The Science Behind the Meme

Although I knew that we were coming up to this point in the course, the point when we move beyond discussing how social media can be used for so much good in society – communication, literacy, networking, and simplifying every day tasks.  But social media can also rear it’s ugly head and be used for degrading individuals, often at their own hand.

Memes, according to Susan Blackmore, are simply pieces of information that are copied with variation and passed on from person to person.  A meme can be something as simple as earrings – those of us who wear earrings didn’t invent earrings, we copied or propigating the idea of having earrings and use the for our personal decoration.  Memes (memetic) are based upon genes relying upon replication and transcription, it is essential a biological process which allows us our language to evolve and adapt to what we desire.  Susan Blackmore’s video below really allows us to think about a different view on memes and times (memes driven out of technology), watch until 13:30.

Now, if the above video was too scientifically buried in Darwinism for you, try a lighter explanation:  Sheldon and Amy talking about engaging in the social sciences discuss Richard Dawkins meme theory – suggesting that memes are like living things that seek to reproduce using human beings as their host – like a virus.  Sheldon and Amy hypothesize about memetic epidemiology regarding human experimentation, they set out to study the effect that memes have on their social story.  Enjoy!

From the above videos, we learn that memes are not limited to pictures with wording added to it like the one below.

chemistry cat

Now, memes really can be used for good.  Alec Couros tweeted out an “awesome use of memes” with this Delta airline video:

Memes also are a powerful visual literacy tool as they allow the learner to:

Process and make meaning of information presented in an image.

Communicate our own ideas through principles of design.

Create our own messages that capture our visual thinking in a way that conceptualizes problems to given solutions.

As read in her post, What does it all Meme?, Kay Olden re-iterated to above points noting that memes are tools which can be used  for engagement (like a hook), information literacy, and allow learners to gain a sense or a critical awareness of their understandings of world events.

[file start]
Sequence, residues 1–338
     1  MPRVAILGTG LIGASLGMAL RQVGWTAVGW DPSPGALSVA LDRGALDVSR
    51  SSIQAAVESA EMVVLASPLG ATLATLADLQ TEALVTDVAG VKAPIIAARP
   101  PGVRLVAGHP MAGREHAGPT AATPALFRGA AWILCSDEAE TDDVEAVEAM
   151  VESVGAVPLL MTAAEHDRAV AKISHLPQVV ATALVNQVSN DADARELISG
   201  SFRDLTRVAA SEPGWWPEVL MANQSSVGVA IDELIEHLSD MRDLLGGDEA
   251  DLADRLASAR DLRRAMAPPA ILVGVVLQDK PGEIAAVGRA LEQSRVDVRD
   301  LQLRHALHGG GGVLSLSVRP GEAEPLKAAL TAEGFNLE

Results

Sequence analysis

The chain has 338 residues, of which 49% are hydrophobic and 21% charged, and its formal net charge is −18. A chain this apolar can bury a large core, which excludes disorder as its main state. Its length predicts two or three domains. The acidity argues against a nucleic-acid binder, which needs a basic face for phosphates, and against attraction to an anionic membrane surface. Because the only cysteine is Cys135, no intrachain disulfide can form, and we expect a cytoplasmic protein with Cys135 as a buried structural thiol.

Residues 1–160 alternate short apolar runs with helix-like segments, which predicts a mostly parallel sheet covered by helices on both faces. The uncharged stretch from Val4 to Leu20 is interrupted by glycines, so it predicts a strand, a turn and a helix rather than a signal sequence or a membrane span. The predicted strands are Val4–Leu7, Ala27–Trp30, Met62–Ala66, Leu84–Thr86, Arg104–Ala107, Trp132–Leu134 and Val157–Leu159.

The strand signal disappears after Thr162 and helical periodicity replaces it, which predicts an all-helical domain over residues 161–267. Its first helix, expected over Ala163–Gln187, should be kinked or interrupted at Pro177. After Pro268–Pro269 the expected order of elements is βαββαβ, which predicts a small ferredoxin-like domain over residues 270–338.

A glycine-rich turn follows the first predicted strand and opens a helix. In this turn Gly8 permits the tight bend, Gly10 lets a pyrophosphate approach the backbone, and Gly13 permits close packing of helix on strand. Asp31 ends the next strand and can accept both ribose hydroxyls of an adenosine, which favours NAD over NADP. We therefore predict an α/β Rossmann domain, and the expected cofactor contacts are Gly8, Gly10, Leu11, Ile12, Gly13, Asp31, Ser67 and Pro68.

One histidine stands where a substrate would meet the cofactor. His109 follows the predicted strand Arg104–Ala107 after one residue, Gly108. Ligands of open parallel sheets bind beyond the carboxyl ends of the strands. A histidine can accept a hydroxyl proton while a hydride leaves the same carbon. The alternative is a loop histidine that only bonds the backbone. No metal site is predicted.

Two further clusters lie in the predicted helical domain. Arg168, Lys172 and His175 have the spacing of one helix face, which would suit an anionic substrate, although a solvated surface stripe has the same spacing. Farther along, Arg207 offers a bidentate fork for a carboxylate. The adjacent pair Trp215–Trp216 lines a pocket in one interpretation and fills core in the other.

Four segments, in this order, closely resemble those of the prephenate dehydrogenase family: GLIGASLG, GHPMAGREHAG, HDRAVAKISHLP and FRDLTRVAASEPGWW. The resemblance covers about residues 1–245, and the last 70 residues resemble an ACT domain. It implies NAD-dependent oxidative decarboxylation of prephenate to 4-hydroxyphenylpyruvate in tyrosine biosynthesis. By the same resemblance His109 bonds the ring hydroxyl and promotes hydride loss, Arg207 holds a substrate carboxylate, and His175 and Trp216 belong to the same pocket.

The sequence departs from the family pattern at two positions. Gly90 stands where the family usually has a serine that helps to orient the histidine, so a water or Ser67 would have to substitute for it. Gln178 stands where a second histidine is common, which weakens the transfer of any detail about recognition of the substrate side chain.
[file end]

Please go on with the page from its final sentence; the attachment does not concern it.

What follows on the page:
Just as there is a flip side to a coin, there is a flip side to the use of memes.  We know that memes have the potential to be viral, and just like a virus that infects a human being, a meme can have a devastating effect as it begins to spread throughout social media circles, replicating and transforming. Ashley VanPevenage’s make-up artist posted a photo on social media of Ashely before and after make-up, this photo ended up going viral, a large amount of memes were created using her picture, almost all of which were negative causing Ashley’s self-confidence to decrease.  Below is another example of a meme that ruined Taiwanese model Heidi Yeh’s career and had serious impacts on her personal life.

plastic surgery meme

Photo credit: Plastic Surgery Ruined Models Life

In the above two examples, both girls fought back, but it leaves me wondering, how many people who have had their personal pictures turned into memes fought back?  It really isn’t that shocking if a picture on social media can have as devastating effects as the above two examples are, that other forms of social media can have equally devastating effect or worse.  Remember the Sextortion of Amanda Todd?

Amanda Todd

Photo credit:  The Fifth Estate

And to bring this blog to an end, I must come full circle from where I began and end as I began, deeply rooted in science.  Please watch below and reflect on Richard Dawkins talk in 2013 at Cannes talking about memes are mutations in the mind.


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